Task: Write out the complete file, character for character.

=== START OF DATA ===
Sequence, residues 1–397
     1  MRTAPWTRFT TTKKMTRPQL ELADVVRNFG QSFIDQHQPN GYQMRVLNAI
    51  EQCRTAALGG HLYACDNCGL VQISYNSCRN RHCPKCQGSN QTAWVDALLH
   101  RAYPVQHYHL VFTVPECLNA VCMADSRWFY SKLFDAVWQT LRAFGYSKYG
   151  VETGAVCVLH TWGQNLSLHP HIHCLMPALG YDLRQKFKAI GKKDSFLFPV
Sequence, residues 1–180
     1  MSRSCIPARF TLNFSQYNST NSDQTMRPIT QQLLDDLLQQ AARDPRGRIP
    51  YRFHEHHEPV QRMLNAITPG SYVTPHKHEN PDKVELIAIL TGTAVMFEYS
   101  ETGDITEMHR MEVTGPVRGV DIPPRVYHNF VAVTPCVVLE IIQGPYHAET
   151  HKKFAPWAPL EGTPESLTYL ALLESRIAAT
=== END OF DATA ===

Sequence, residues 1–397
     1  MRTAPWTRFT TTKKMTRPQL ELADVVRNFG QSFIDQHQPN GYQMRVLNAI
    51  EQCRTAALGG HLYACDNCGL VQISYNSCRN RHCPKCQGSN QTAWVDALLH
   101  RAYPVQHYHL VFTVPECLNA VCMADSRWFY SKLFDAVWQT LRAFGYSKYG
   151  VETGAVCVLH TWGQNLSLHP HIHCLMPALG YDLRQKFKAI GKKDSFLFPV
Sequence, residues 1–180
     1  MSRSCIPARF TLNFSQYNST NSDQTMRPIT QQLLDDLLQQ AARDPRGRIP
    51  YRFHEHHEPV QRMLNAITPG SYVTPHKHEN PDKVELIAIL TGTAVMFEYS
   101  ETGDITEMHR MEVTGPVRGV DIPPRVYHNF VAVTPCVVLE IIQGPYHAET
   151  HKKFAPWAPL EGTPESLTYL ALLESRIAAT